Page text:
First thing that comes to mind when pondering the NFC North: Quarterbacks. Passing at a premium. Too easy. Each offensive unit fortified with a prolific aerial attack. Understatement. All four participants own a gunslinger unafraid to take chances down field. Undoubtedly. These signal callers are not lacking confidence, unwaveringly they fling the pigskin with ease, unfazed, willing they thread the needle at any given moment. Excitement. They are intense leaders who make life difficult for the opposing team’s head coach, as well as their own from time to time. Greatest strength, greatest weakness. You know the story. Football is fun when your watching these guys. Knack to make the most impossible look routine, yet the simple made out to be rocket science. You get the picture.
Caretakers, not a chance, risk takers, that’s more like it. Now we’re talking. No matter what the down, score, or situation, they will not back down from a challenge. They want the ball in their hands, especially when the game’s on the line. They will take the blame, but also want the credit for the win. Their style of play is flamboyant. Yet, you’re either going to hate ’em or love ’em. No question about it. Take the bad with the good, the good with the bad. They wouldn’t want it any other way. So on my behalf, let me introduce you to the wild, wild NFC North: Where you not only live, but die through the air. You have not only been welcomed, but warned —these QB’s love to play with fire. Stafford, Favre, Rodgers, Cutler -this is not your father’s NFC Central.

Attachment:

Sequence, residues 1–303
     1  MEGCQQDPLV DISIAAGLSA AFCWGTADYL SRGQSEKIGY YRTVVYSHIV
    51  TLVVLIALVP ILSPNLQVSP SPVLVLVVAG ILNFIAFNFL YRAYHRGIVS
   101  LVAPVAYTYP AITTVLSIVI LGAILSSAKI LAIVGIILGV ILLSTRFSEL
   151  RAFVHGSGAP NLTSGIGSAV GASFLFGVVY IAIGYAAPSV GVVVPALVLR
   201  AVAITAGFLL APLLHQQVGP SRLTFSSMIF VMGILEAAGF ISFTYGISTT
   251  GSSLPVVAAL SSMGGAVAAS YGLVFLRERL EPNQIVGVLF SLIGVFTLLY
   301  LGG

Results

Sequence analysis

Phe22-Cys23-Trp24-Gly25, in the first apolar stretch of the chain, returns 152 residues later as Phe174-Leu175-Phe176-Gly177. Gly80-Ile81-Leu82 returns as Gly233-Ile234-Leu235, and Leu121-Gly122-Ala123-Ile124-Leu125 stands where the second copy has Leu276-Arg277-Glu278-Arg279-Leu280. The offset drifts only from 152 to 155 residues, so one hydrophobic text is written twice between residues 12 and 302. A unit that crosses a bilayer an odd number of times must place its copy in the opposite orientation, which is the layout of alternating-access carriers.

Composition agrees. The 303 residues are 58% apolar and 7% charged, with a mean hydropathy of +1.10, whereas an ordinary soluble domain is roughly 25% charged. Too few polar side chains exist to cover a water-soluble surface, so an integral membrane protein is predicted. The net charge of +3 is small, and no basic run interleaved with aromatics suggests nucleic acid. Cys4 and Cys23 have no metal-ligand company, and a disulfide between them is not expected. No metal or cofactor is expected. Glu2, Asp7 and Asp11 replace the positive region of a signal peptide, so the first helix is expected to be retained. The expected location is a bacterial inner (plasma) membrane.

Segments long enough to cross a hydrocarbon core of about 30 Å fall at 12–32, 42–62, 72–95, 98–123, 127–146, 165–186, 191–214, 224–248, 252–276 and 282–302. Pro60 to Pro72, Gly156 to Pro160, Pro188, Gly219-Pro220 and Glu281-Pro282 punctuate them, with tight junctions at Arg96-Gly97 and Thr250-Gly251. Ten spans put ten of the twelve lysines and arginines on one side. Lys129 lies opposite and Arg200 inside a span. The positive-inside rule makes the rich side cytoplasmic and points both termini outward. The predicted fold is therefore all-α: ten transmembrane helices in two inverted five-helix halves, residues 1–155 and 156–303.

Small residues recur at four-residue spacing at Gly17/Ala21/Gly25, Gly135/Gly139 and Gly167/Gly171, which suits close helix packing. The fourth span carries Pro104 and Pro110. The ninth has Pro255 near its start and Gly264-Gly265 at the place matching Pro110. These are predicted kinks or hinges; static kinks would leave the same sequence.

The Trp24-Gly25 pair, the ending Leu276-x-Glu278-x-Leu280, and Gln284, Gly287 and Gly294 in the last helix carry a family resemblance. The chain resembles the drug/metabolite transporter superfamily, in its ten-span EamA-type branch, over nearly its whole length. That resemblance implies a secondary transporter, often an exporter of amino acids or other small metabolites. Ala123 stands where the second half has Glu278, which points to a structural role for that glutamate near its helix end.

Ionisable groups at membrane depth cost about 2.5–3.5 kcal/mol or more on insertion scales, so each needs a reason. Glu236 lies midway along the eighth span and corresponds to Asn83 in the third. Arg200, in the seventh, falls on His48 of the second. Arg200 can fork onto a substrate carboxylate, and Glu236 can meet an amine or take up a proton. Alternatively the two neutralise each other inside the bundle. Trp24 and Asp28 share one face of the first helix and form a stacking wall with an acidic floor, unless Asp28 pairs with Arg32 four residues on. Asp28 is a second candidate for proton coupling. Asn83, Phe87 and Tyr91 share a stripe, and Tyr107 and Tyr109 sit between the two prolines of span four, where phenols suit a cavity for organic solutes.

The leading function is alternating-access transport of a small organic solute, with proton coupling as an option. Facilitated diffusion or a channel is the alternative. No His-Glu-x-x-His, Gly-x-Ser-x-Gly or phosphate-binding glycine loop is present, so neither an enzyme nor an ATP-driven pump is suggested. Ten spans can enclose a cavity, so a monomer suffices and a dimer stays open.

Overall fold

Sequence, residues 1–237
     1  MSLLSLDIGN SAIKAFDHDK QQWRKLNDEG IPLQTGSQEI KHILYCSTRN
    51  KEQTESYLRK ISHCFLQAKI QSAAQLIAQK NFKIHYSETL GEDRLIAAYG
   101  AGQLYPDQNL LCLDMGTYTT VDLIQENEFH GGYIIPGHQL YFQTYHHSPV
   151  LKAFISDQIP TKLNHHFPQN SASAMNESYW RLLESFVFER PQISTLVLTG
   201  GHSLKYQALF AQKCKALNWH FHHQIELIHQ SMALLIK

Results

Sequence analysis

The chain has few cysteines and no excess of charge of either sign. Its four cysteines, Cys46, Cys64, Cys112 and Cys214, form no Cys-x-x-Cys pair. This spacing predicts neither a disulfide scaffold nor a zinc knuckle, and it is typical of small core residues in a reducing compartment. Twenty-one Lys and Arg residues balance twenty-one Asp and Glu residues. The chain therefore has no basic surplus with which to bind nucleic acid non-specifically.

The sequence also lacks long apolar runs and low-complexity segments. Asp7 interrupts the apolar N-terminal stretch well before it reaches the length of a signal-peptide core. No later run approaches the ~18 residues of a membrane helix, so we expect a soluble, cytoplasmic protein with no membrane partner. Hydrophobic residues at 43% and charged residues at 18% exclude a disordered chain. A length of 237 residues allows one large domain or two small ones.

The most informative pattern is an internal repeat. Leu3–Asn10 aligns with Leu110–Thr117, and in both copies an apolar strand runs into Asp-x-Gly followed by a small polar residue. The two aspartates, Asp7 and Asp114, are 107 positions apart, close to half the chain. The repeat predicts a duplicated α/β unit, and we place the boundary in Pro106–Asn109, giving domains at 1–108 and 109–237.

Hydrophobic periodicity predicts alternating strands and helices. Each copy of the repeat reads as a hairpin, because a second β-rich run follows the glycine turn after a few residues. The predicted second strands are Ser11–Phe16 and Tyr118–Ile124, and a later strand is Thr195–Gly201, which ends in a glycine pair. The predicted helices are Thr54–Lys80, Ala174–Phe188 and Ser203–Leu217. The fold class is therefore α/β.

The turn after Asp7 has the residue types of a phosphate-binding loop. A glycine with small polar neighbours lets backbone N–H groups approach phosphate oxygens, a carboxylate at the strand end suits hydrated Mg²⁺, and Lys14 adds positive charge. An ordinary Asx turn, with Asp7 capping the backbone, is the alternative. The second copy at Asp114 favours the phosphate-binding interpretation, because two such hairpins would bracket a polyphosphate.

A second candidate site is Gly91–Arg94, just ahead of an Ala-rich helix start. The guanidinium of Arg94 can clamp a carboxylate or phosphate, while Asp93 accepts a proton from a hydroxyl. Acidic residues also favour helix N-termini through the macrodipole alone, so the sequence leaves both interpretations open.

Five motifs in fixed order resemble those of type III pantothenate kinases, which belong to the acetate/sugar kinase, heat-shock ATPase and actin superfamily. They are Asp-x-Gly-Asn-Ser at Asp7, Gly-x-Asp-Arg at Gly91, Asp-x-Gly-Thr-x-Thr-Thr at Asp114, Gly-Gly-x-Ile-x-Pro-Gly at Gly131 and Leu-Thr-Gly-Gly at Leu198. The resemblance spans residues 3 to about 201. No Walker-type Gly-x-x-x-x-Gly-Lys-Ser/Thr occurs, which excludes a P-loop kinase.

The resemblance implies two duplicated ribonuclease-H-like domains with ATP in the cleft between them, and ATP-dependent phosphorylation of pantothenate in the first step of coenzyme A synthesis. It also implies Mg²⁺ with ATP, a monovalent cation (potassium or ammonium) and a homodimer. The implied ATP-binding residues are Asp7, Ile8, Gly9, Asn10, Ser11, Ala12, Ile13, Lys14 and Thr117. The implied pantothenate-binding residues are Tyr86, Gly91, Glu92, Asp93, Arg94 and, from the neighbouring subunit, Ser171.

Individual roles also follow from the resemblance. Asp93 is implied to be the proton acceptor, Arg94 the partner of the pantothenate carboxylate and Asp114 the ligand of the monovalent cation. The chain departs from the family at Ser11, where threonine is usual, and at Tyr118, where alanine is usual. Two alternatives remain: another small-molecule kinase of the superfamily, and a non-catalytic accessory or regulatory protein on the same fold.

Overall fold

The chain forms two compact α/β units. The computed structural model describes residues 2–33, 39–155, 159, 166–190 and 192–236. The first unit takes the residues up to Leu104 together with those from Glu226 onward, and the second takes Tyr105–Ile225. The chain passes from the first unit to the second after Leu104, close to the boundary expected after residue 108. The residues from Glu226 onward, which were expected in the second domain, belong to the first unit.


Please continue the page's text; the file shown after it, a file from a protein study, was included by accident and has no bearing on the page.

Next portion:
Minnesota (14-2) – Your NFC runner-up kicks off 2010 in the Superdome against the team who sent them home last January. Only 2 losses? Following a bye week, the month of October is ridiculous – @NYJ (Monday Night), vs. Dallas, @Green Bay (Sunday Night), @New England. Oh, and by the way, all scheduled to be prime time events. 14-2? Well, they did not lose in front of the home crowd last year. Secondary is improved with Chris Cook and Lito Sheppard. Adrian has a new friend, a running mate to spare him some wear and tear in Toby Gerhart. Sindey Rice and Percy Harvin are both a year more experienced.